Donna and I have a few crazy dreams. We’d like to someday hold the Asia Pacific Democratic Education Conference in China and we’d like to someday start a democratic school in the Philippines, China or both. The latter seems scary and daunting at the moment, so if it’s too impossible, we also wish we could send our children to a democratic school in England or America. All those seem far-off in the future so we are thinking of what we can do today that is feasible. We are planning to hold a camp called “Hero’s Journey” for Chinese children who want to practice their English for a few days in the Philippines. Instead of classroom sessions, the mountains, lakes and forests will be the classroom and learning will be any where, any time, interacting with the locals.
Starting a democratic school in the Philippines or China seems too far-fetched. The Chinese people we talked to bristled at the word “democracy,” advising us that it should be changed. The Filipino teachers I talked to about the concept also felt uncomfortable at the idea of having no structure and no curriculum. They would go as far as progressive but not to the other extreme end of learner-centered education. Politics in China and religion in the Philippines would be likely deterrents, among others.
Then one night ago over Skype, I talked to Yaacov Hecht, and what seemed to be impossible in my mind was possible again. Yaacov spearheaded the International Democratic Education Conference in 1992 and was one of the speakers at the APDEC (Asia Pacific Democratic Education Conference) in Taiwan last July. He founded the first democratic school in Hadera, Israel in 1987 and now there are 30 democratic schools that are funded by the government. This is quite amazing and that’s why I want to see for myself because in most other countries, democratic schools generally remain in the private realm.
When we attended the conference in Taiwan, Yaacov put in our heads the germ of the idea holding APDEC in mainland China. Donna, Lucy and I volunteered to initiate the process even if we didn’t know what we were doing. We started a WeChat group and inched our way to finding people to add.
When I finally talked to Yaacov over Skype, he had just attended the OECD (Organization for Economic Cooperation and Development) where met and talked to China’s Assistant Minister of Education. They talked about MOOCs (Massive Open Online Courses), not democratic education so Yaacov resolved to invite him and the minister to the IDEC (International Democratic Education Conference) in Israel on April next year. Yaacov said that one of us from our China APDEC group must attend IDEC to make the crucial link with the government.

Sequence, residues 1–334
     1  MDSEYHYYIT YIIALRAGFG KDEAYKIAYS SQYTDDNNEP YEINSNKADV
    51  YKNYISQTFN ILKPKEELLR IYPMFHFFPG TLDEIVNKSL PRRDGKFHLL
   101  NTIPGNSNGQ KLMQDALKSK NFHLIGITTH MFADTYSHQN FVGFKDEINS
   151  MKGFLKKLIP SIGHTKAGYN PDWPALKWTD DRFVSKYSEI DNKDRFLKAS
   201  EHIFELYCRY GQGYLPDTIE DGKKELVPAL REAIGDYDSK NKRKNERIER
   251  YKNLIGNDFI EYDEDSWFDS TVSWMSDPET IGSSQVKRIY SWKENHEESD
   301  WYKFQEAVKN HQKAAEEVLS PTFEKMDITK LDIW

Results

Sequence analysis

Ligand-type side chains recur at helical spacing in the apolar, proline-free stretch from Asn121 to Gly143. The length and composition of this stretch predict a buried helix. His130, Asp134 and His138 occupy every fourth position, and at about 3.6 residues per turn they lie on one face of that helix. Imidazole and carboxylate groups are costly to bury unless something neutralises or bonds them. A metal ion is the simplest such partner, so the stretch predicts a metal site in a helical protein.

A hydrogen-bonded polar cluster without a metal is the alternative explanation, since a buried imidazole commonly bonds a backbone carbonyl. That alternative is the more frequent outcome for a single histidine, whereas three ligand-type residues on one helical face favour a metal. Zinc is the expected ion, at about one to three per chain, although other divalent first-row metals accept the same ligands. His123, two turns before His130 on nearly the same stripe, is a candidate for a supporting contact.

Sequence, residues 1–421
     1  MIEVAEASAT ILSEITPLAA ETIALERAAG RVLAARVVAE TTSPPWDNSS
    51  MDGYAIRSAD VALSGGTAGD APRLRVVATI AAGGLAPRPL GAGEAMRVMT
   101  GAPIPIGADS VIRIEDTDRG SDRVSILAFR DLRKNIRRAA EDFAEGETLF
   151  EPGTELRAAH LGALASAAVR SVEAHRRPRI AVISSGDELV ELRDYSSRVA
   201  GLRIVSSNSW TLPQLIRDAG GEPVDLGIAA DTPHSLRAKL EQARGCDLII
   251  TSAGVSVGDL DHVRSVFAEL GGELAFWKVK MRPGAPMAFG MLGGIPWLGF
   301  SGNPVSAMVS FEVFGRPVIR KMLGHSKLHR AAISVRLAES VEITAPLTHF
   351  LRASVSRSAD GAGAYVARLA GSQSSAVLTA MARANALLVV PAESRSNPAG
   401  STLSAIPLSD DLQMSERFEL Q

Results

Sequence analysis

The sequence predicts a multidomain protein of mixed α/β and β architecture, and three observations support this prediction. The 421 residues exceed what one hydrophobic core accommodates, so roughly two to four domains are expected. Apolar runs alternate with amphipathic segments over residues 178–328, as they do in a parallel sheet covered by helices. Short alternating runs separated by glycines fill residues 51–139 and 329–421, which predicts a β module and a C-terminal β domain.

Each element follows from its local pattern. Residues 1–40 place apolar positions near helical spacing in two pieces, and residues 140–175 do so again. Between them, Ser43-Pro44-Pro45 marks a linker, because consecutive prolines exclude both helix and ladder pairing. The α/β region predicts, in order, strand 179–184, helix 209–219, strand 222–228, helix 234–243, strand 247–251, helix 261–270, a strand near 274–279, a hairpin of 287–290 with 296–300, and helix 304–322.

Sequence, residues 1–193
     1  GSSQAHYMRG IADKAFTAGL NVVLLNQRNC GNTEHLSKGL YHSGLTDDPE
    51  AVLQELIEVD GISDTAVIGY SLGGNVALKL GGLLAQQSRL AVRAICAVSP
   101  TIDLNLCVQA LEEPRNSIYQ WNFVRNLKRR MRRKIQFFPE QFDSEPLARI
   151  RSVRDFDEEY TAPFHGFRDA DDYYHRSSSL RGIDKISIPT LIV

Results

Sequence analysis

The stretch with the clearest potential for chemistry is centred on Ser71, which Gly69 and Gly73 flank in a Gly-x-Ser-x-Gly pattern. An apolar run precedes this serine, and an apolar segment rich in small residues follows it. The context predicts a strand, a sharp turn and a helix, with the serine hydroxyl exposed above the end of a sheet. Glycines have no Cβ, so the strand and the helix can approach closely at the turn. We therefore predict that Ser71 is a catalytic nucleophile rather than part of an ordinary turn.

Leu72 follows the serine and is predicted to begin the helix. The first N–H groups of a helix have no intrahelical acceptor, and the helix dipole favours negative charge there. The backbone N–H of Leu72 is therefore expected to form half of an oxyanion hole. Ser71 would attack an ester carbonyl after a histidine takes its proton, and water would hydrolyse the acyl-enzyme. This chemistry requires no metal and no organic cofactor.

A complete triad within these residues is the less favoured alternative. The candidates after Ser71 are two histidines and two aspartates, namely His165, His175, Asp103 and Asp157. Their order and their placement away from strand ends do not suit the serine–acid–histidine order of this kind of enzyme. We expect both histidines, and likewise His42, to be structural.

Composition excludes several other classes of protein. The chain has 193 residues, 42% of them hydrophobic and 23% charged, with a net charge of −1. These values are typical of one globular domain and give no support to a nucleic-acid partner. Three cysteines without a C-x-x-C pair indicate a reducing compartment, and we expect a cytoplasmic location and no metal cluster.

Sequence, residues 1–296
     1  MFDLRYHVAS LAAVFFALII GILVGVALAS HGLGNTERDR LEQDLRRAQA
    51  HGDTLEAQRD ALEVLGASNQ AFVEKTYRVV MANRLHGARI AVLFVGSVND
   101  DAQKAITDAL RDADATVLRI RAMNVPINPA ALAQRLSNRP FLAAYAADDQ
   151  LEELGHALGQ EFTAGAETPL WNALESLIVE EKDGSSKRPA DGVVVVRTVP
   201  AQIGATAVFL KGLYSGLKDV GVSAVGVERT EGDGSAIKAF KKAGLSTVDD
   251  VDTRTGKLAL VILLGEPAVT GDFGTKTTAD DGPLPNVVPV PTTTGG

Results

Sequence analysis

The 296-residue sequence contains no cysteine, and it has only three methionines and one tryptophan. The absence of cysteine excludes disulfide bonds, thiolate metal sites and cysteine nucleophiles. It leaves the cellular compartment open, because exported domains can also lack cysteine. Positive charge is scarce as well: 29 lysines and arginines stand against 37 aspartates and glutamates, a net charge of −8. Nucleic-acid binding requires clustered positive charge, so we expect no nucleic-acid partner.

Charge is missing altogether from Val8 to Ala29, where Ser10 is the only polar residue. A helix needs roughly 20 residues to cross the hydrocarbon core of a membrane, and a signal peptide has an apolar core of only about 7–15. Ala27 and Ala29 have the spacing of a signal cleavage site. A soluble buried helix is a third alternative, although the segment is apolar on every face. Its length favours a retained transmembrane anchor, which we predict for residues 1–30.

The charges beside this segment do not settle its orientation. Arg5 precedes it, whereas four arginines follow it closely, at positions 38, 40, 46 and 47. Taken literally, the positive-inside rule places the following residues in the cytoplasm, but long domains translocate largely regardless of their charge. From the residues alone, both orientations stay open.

Then I asked Yaacov about how we can start a democratic school when we don’t even know if people will be interested in this sort of thing. Yaacov suggested that we could hold a talk and workshop in Manila, and invite around 100 people. Among the total people who will attend, a small crop will emerge who may be seriously interested in the cause and take action. With that, I felt encouraged and empowered. It’s something that we can do, start small, initiate a dialogue, set the ball rolling and who knows where it ends up. Yaacov can come to Manila before heading to the Tokyo APDEC which takes place from August 1 to 5, 2017. We can set the talk in Manila around the last week of July.
Donna thought about inviting Simon Robinson, a teacher at the Okinawa Sudbury School in Japan whom we met at the Taiwan APDEC and Simon readily agreed. Simon held several open spaces at the APDEC where his passion for this type of education was clearly shown. Donna and I are both eager to learn from him and his experience with the Sudbury way.
So it seems we are on our way somewhere and doubts fall behind. Getting something off the ground is just a matter of doing one thing at a time and constantly connecting with people.
Some links about Yaacov and Democratic Education:
These are the websites of two famous democratic schools: